D2 test (Brickenkamp, 1998). In this paper-and-pencil processing speed task, participants have to cancel out “D2” signs (letter D with exactly two dashes located below and/or above it) dispersed among distractors (letter D with fewer or more than two dashes and letter P with any number of dashes). Participants have to process 14 lines of P’s and D’s, for which 20 seconds are allocated per line.


Perceived effect questionnaire. This 6-item scale (Cronbach’s α = .88) was specifically created for this experiment but no validation studies were conducted. This scale requires participants to respond to statements regarding their perception of the effect of the lamps (e.g., “I do not think the lamps had the anticipated effect”) using a 5-point Likert scale ranging from “totally disagree” to “totally agree,” with a “neutral” midpoint. (The questionnaire is presented in Appendix A).

Self-transcendence subscale of the Temperament and Character Inventory – Revised (TCI-R) (Cloninger, 1999b). This 26-item scale (Cronbach’s α = .84) evaluates the self-transcendence dimension of personality and is a subscale extracted from the TCI-R of Cloninger (1999b). The TCI-R has been developed from the psychobiological model of temperament and character (Cloninger, Svrakic, & Przybeck, 1993). This subscale assesses the three facets of ST described in the introduction section: the tendency to absorption (“creative self-forgetfulness”), the sense of strong connection with the universe as a whole (“transpersonal identification”), and the propensity to spirituality (“spiritual acceptance”). Participants respond on a 5-point Likert scale (ranging from “totally false” to “totally true”), indicating how well each statement describes them. The French version of the TCI-R has shown good psychometric characteristics (Hansenne, Delhez, & Cloninger, 2005).

Measures and data reduction

From both theoretical conceptualizations and simple bivariate correlations between scores on tests, we computed composite scores in order to reduce the number of dependent variables. We created a composite attention score by averaging the attention index of the D2 test (total number of correctly treated D2 items minus total number of errors) and the median reaction time of the vigilance task (reversed) (r = .26, p = .021). A composite memory score was created by averaging Z-scores for the number of correctly recalled words during the delayed recall of the word pair memory task and the total number of errors of the SOPT (reversed) (r = .31, p = .005). For the accuracy of JOL during the word pair memory task, gamma correlations were calculated for each subject’s JOL and their actual word recall. In this case, the higher the correlation, the more accurate the JOL. Regarding executive functions, since the total number of errors on the go/no-go subtest (“Inhibition score”), and the total number of correct responses (CR) for items without a hand change (“Flexibility score”) were not correlated (r = –.13, p = .267), we performed statistical analysis on each one separately.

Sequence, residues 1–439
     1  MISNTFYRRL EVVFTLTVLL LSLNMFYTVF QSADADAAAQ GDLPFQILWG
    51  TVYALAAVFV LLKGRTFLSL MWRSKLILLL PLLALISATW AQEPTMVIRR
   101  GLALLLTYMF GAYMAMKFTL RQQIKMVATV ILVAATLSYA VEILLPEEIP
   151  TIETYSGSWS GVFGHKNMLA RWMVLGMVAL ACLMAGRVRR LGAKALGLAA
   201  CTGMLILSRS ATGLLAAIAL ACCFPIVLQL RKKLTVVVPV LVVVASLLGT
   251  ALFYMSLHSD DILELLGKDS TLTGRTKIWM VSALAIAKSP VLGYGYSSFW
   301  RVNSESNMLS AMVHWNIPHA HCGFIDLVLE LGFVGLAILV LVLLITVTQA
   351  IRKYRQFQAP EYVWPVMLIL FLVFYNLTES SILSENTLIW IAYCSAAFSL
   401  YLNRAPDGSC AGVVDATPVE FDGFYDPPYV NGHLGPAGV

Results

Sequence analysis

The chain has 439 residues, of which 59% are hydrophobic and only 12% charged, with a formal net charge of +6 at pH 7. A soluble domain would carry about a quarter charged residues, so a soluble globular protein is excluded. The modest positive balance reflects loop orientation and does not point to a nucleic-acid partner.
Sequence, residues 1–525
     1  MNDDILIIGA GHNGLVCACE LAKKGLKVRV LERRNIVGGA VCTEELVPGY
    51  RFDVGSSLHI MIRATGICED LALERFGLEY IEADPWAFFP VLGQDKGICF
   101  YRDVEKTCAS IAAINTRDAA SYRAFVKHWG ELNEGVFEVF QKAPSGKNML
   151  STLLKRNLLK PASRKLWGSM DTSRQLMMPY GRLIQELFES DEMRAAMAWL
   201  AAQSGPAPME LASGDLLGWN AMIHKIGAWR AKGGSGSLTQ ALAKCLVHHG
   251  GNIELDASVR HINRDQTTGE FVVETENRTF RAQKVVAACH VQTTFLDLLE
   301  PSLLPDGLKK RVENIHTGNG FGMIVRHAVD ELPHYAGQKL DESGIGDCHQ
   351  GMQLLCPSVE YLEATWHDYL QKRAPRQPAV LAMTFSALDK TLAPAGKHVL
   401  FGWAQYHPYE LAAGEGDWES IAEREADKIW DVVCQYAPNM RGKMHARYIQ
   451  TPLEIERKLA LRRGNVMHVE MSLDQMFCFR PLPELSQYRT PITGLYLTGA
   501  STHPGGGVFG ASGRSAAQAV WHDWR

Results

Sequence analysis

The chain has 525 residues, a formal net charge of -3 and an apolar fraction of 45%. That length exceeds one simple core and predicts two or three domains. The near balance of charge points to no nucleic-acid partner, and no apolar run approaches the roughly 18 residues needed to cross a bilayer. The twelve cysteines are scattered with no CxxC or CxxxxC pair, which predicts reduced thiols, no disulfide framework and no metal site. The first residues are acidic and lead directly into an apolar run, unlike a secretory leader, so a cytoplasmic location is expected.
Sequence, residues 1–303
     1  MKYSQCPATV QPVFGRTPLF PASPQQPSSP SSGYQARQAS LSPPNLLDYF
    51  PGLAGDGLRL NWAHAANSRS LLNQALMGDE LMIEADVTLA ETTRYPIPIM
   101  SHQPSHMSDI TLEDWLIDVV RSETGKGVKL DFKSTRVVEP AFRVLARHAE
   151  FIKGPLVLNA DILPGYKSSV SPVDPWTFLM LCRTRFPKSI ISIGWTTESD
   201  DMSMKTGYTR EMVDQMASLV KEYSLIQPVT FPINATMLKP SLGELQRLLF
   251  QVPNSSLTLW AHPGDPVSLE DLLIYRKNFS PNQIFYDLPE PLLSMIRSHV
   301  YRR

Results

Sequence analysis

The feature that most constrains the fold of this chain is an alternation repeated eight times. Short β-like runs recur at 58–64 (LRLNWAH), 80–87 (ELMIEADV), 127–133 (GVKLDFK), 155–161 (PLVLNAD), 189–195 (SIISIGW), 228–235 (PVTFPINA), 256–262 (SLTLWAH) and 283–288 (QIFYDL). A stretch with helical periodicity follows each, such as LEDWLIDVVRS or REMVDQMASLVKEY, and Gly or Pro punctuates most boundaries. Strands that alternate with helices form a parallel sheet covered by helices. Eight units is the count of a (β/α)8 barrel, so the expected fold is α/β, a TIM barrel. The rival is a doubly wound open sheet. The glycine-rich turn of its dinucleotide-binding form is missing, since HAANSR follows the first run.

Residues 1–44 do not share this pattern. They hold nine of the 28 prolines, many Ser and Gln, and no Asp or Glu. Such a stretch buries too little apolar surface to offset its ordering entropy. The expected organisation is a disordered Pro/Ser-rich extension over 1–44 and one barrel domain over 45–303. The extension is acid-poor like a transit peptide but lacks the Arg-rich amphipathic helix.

For the cognitive baseline tasks, we selected the following measures: total number of errors for the color word naming subtest of the Stroop task (“Stroop interference”), completion time for the color naming subtask of the Stroop task (“Stroop color”), and total number of correctly answered items in the visual span subtest (“Span score”).